Although this project bears my name as author-curator, I was only able to complete it thanks to the support of numerous individuals to whom I owe enormous gratitude.
For their help with securing images, texts, and translations, and for sharing their thoughts in areas of their expertise, I want to especially acknowledge the valuable assistance of Danna Agmon, Muzaffar Alam, Paolo Aranha, Rifat Bali, Milo Beach, Catherine Benkaim, Bob del Bonta, Jorrit Brischgi, Elizabeth Chenault, Owen T. Cornwall, Anita Dawood, Rich Freeman, Christoff Galli, Irina Glushkova, Deborah Hutton, Abusad Islahi, Jyotindra Jain, Monica Juneja, Ruqayya Khan, Steven Kossak, Marcia Kupfer, Bruce Lawrence, John Martin, Michelle Maskiell, Sy Mauskopf, Fattaneh Naeymi-Rad, K. Narasimhan, Hammad Nasar, Amina Okada, Ketaki Pant, Karen Pinto, Kapil Raj, William Reddy, Yael Rice, Marika Sardar, Nilanjan Sarkar, Raja Sarma, Emilie Savage-Smith, Benjamin Schmidt, Barbara Schmitz, Tamara Sears, Yuthika Sharma, Ellen Smart, Carolien Stolte, Susan Stronge, Wheeler Thackston, Andrew van Horn Ruoss, Brett Wilson, Elaine Wright, and Ines Zupanov.
I had the good fortune of having this project discussed in some detail at a workshop convened by the Franklin Humanities Institute at Duke University in November 2013. I thank Muzaffar Alam, Monica Juneja, and Morgan Pitelka for their expert commentary, and David Bell, Abby Collier, Carl Ernst, Emma Flatt, David Gilmartin, Mark Olson, Philip Stern, and Denis Wood for their critiques. A special thanks to Pika Ghosh for taking time out from her own schedule of writing to offer insightful observations, and persuasive encouragement to complete the project!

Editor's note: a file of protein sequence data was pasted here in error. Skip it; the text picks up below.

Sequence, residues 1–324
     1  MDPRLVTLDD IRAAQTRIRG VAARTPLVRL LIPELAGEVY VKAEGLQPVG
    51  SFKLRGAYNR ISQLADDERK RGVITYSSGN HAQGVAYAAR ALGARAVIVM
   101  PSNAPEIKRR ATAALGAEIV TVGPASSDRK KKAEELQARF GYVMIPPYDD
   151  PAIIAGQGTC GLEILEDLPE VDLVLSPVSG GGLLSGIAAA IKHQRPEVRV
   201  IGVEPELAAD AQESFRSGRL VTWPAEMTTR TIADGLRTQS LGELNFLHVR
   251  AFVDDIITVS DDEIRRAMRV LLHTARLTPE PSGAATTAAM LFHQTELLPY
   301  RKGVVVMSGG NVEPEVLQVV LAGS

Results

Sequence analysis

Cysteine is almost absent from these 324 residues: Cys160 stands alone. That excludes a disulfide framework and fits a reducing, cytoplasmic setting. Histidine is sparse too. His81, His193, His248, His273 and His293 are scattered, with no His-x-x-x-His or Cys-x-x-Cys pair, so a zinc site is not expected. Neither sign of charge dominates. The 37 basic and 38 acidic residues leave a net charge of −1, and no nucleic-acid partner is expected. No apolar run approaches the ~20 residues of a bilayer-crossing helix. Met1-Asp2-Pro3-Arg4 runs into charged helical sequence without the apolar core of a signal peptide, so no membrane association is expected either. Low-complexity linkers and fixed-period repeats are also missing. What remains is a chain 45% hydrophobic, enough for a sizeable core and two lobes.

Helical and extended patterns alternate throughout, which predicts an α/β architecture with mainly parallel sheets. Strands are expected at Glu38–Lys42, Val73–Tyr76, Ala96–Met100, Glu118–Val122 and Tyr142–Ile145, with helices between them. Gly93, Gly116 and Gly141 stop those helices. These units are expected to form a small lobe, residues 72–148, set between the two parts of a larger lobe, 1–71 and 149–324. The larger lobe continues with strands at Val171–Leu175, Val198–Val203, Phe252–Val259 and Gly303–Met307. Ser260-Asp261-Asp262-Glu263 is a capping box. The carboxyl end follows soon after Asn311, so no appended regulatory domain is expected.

I presented a draft version of this work in May 2014 at the National Humanities Center, and I am grateful for the opportunity, and thank Cassie Mansfield for arranging the event, and Evelyn Higginbotham, Martha Jones, Nora Fisher Onar, Tim Marr, and Heather Hyde Minor for their responses that helped strengthen the work.
My Duke colleagues Paolo Mangiafico, Liz Milewicz, Will Shaw, and Victoria Szabo drew on their considerable digital humanities knowledge to provide advice. Without Kevin Smith’s expertise, negotiating the thicket of legal issues involved in digital projects such as this one would have been infinitely more difficult.
I am also very grateful to the staff of Duke’s Interlibrary Loan division who tirelessly secured several rare books, many from international repositories. Jack Edinger of the Visual Media Center of the Department of Art, Art History & Visual Studies, prepared many of the high quality digital images in the album, and Jennifer Prather designed the beautiful website that hosts it.
Edward Proctor, South Asia librarian at Duke, first alerted me to Turning the Pages (TTP) and to the British Library’s use of this software, pioneered by Michael Stocking at Armadillo Systems in London. Michael and his staff diligently worked with me over the past year and more in designing and producing this work. It goes without saying that without them, this project would not have taken the shape that it has.
Some of the research for this project was supported by a grant from the Arts and Sciences Council for Faculty Research at Duke University, for which I am very grateful. I was encouraged to venture into the world of digital publishing on account of receiving a Mellon Faculty Book Manuscript/Digital Publishing Workshop grant from the Franklin Humanities Institute, for which I owe thanks to its Directors, Ian Baucom and David Bell. The Institute’s Associate Director Christine Chia, and staff members Conal Ho and Beth Monique Perry helped in numerous ways, big and small, to oversee completion of this work, and I am very grateful to them for their impeccable assistance over the past year and more.
Not least, for her copyediting skills, I want to thank Karen Carroll at the National Humanities Center, where I was in residence in 2013–14 when completing this project.